Housing starts were significantly stronger than expected in June. A 16.9 percent monthly bounce took the level up to 218,333 units (saar) from a slightly softer revised 186,709 units in mid-quarter.
The sizeable jump reflected an 18.1 percent monthly gain in urban starts to 202,702 units within which multiples were up fully 26.7 percent at 142,819 units and singles 1.7 percent firmer at 59,883 units. Regionally there were increases in British Columbia, Ontario and the Prairies but falls in Quebec and Atlantic Canada.
Rural starts were estimated at 15,631 units after a 15,053 unit rate in May.
The June data put starts at an average 198,809 units last quarter, hardly changed from 197,799 units in the preceding three months and certainly indicative of a still very robust housing market. This should be one factor ensuring that the BoC remains cautiuous about cutting interest rates again on Wednesday.
Housing starts is the annualized number of new residential buildings that began construction during the previous month.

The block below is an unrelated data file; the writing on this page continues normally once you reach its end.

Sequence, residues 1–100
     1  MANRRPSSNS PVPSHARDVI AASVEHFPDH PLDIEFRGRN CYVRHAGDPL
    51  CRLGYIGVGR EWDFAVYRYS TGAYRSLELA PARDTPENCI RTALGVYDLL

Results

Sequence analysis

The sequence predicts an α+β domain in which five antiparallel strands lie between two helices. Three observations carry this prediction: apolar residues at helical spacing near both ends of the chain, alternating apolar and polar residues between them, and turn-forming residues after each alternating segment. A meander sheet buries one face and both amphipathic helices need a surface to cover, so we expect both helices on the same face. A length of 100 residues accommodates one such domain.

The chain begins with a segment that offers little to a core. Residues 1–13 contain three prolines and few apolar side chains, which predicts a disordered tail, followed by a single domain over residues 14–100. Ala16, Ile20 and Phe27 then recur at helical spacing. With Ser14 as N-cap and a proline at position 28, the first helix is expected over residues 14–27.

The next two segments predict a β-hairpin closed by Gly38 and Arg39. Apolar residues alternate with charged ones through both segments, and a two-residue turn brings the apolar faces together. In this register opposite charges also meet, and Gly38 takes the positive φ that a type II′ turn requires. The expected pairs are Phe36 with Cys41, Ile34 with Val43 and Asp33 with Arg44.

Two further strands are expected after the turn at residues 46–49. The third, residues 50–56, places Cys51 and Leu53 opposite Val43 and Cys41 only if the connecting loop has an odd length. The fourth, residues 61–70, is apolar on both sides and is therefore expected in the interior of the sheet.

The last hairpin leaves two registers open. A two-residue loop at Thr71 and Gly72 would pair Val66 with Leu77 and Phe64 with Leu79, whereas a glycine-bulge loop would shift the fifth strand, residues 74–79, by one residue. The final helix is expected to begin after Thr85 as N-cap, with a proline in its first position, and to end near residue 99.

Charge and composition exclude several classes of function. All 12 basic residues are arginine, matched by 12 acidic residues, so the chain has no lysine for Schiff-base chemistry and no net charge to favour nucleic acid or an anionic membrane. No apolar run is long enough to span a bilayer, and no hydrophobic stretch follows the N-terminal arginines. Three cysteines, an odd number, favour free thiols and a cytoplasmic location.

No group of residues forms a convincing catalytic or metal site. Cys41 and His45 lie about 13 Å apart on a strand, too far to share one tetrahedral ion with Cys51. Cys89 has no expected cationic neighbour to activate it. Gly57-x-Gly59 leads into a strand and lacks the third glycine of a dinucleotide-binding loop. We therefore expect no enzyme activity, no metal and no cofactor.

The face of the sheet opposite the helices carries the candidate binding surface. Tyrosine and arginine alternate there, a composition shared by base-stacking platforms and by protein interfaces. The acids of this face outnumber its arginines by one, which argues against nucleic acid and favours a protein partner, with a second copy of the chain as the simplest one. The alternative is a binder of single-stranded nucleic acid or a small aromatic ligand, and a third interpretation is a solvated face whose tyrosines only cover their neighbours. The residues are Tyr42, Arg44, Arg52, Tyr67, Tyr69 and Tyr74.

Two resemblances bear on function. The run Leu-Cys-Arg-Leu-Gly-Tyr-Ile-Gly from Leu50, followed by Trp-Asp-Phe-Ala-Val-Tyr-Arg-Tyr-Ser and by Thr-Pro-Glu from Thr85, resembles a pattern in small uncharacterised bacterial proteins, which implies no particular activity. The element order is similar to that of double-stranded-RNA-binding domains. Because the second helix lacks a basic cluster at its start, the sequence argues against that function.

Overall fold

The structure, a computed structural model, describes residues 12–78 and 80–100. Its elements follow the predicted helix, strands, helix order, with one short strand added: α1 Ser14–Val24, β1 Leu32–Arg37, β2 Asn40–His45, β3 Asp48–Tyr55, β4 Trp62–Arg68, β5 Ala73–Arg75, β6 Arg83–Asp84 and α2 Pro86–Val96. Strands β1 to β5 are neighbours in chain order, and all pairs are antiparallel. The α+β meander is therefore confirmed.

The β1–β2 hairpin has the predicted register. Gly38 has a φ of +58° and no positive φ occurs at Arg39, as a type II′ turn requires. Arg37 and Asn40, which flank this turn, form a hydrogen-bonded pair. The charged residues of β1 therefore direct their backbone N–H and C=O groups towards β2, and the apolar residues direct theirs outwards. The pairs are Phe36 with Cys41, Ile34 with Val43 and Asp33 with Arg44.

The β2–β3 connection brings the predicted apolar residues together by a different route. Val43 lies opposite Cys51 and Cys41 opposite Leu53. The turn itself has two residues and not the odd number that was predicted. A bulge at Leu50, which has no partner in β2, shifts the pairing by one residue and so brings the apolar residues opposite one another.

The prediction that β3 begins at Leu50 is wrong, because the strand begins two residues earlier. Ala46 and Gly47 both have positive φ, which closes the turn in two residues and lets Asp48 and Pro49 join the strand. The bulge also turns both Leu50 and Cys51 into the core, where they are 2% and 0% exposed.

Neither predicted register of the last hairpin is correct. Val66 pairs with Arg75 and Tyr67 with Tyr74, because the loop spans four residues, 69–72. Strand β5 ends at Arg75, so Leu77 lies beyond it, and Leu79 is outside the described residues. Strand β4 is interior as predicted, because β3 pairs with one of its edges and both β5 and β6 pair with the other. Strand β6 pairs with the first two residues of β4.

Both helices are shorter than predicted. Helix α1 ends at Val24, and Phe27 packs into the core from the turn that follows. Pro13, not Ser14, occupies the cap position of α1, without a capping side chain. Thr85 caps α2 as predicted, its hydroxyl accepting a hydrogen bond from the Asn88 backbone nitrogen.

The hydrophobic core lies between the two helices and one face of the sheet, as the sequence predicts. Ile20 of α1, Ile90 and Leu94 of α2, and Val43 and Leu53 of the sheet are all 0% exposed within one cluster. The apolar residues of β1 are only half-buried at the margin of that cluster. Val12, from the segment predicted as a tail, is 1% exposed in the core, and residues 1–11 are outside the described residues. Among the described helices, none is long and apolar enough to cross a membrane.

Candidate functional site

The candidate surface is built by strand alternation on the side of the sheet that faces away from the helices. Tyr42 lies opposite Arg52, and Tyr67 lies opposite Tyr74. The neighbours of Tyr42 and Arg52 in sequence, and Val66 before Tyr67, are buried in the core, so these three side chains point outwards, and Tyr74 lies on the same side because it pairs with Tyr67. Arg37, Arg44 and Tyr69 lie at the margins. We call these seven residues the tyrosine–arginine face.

Housing starts are a leading indicator of economic health because building construction produces a wide-reaching ripple effect. This narrow piece of data has a powerful multiplier effect through the economy, and therefore across the markets and your investments. Home builders usually don't start a house unless they are fairly confident it will sell upon or before its completion. Changes in the rate of housing starts tell us a lot about demand for homes and the outlook for the construction industry. Furthermore, each time a new home is started, construction employment rises, and income will be pumped back into the economy.
Once the home is sold, it generates revenues for the home builder and a myriad of consumption opportunities for the buyer. Refrigerators, washers and dryers, furniture, and landscaping are just a few things new home buyers might spend money on, so the economic "ripple effect" can be substantial. Since the economic backdrop is the most pervasive influence on financial markets, housing starts have a direct bearing on stocks, bonds and commodities. In a more specific sense, trends in the housing starts data carry valuable clues for the stocks of home builders, mortgage lenders, and home furnishings companies. Commodity prices such as lumber are also very sensitive to housing industry trends.